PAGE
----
Embattled blood-testing start-up Theranos will close all its clinical labs and Wellness Centers, chief executive Elizabeth Holmes revealed in a public letter to "stakeholders."
The move came after months spent "assessing our strengths and addressing our weaknesses," she said in the letter that outlined a new focus for the former Silicon Valley darling.
The closures would impact about 340 workers in Arizona, California and Pennsylvania, "many of whom have devoted years to Theranos and our mission," Holmes said. Reuters reported that this was a 44 percent staffing cut, with the company employing about 790 full-time workers.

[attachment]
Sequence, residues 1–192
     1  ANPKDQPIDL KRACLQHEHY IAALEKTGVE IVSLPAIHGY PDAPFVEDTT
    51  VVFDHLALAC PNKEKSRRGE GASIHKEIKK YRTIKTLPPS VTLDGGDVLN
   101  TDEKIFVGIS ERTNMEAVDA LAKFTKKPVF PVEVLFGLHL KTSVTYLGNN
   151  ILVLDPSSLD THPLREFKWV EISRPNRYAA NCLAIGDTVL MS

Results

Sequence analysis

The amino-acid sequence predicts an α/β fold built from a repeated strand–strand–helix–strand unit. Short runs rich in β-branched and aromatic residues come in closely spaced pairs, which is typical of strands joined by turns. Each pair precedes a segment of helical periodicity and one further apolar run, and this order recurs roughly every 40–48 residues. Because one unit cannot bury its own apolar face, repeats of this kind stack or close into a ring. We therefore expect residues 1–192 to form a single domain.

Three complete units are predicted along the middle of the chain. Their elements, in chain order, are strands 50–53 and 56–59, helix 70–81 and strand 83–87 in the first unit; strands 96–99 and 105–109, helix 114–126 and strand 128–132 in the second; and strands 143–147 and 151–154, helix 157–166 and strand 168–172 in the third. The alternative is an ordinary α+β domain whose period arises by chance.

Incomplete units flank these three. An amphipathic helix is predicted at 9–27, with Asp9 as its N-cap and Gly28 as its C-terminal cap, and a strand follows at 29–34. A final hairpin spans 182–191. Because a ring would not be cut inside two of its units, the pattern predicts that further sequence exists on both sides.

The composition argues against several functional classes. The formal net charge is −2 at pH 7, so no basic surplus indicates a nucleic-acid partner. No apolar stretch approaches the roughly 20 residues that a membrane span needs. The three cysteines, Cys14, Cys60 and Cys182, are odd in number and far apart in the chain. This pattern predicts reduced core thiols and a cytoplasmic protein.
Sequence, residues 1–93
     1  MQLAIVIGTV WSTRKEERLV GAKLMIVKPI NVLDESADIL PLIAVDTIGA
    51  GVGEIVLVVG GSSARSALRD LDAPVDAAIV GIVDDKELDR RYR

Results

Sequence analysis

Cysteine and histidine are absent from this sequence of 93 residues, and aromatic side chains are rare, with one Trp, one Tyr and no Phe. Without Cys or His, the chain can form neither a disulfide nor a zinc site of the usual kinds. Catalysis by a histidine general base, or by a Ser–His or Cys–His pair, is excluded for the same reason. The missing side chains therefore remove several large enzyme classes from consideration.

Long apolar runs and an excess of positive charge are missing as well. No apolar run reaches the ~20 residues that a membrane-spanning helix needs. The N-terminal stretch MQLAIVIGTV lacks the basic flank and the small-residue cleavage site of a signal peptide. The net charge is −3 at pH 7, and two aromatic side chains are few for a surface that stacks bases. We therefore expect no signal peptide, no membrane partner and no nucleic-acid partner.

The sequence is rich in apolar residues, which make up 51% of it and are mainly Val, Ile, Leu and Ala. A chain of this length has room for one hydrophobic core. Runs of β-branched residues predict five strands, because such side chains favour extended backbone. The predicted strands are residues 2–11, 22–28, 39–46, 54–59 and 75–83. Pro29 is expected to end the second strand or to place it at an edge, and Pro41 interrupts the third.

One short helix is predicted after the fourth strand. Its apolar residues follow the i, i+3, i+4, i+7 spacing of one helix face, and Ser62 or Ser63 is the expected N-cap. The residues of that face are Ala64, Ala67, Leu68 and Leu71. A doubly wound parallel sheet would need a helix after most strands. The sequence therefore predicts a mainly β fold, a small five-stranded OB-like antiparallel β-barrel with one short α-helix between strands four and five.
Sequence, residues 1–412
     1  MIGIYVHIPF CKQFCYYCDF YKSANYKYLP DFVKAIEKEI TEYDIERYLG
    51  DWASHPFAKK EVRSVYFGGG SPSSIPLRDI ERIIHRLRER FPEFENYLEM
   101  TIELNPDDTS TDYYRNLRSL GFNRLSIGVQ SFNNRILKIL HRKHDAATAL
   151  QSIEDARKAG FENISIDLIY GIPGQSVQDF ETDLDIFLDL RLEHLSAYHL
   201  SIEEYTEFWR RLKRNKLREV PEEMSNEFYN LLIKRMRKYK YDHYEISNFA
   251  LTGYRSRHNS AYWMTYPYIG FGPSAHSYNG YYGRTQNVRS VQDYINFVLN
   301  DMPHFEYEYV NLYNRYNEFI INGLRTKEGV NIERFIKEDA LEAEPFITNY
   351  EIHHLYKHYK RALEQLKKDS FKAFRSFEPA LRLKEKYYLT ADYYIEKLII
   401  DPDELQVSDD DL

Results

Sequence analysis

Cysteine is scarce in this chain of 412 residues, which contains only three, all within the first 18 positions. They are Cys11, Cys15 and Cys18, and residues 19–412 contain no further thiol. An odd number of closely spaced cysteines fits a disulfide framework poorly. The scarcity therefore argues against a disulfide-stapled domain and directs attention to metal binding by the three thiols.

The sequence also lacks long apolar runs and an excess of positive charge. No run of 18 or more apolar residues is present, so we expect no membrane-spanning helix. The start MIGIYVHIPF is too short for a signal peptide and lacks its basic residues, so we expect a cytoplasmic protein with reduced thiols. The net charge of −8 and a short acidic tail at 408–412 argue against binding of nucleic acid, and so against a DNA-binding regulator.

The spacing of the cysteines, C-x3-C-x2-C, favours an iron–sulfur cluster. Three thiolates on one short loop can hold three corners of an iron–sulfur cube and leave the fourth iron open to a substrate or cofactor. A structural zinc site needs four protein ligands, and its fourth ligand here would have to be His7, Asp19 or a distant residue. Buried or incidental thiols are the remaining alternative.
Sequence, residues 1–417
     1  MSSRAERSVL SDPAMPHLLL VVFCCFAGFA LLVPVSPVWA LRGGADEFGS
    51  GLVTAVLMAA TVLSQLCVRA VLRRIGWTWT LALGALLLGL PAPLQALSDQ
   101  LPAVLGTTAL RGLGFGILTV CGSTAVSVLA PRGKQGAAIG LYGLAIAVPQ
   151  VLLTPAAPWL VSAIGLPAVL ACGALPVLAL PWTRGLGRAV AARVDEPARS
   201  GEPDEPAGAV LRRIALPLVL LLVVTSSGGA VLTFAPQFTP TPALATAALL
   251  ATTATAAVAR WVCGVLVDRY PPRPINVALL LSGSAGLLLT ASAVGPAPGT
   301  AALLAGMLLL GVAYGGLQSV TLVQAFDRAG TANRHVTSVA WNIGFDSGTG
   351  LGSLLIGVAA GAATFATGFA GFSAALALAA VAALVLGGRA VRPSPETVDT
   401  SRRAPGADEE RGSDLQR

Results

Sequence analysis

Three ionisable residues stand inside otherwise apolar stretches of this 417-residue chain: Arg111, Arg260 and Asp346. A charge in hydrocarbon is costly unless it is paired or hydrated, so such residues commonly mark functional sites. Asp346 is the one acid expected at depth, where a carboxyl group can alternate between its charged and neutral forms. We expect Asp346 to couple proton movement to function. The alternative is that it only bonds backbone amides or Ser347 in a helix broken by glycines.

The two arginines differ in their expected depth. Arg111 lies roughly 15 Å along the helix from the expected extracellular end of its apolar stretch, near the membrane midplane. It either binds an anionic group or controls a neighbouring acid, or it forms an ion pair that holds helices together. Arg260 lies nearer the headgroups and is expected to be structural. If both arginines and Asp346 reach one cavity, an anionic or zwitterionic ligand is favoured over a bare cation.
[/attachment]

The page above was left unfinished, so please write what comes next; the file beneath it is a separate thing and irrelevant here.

Theranos would now focus its "undivided attention" on its miniLab platform, Holmes said, adding, "Our ultimate goal is to commercialize miniaturized, automated laboratories capable of small-volume sample testing, with an emphasis on vulnerable patient populations, including oncology, pediatrics, and intensive care."
Theranos' miniLab is a self-contained laboratory that allows a robot to run a number of tests on samples. The miniLab contains different modules that allow it to conduct a series of tasks that traditionally would require multiple, separate machines.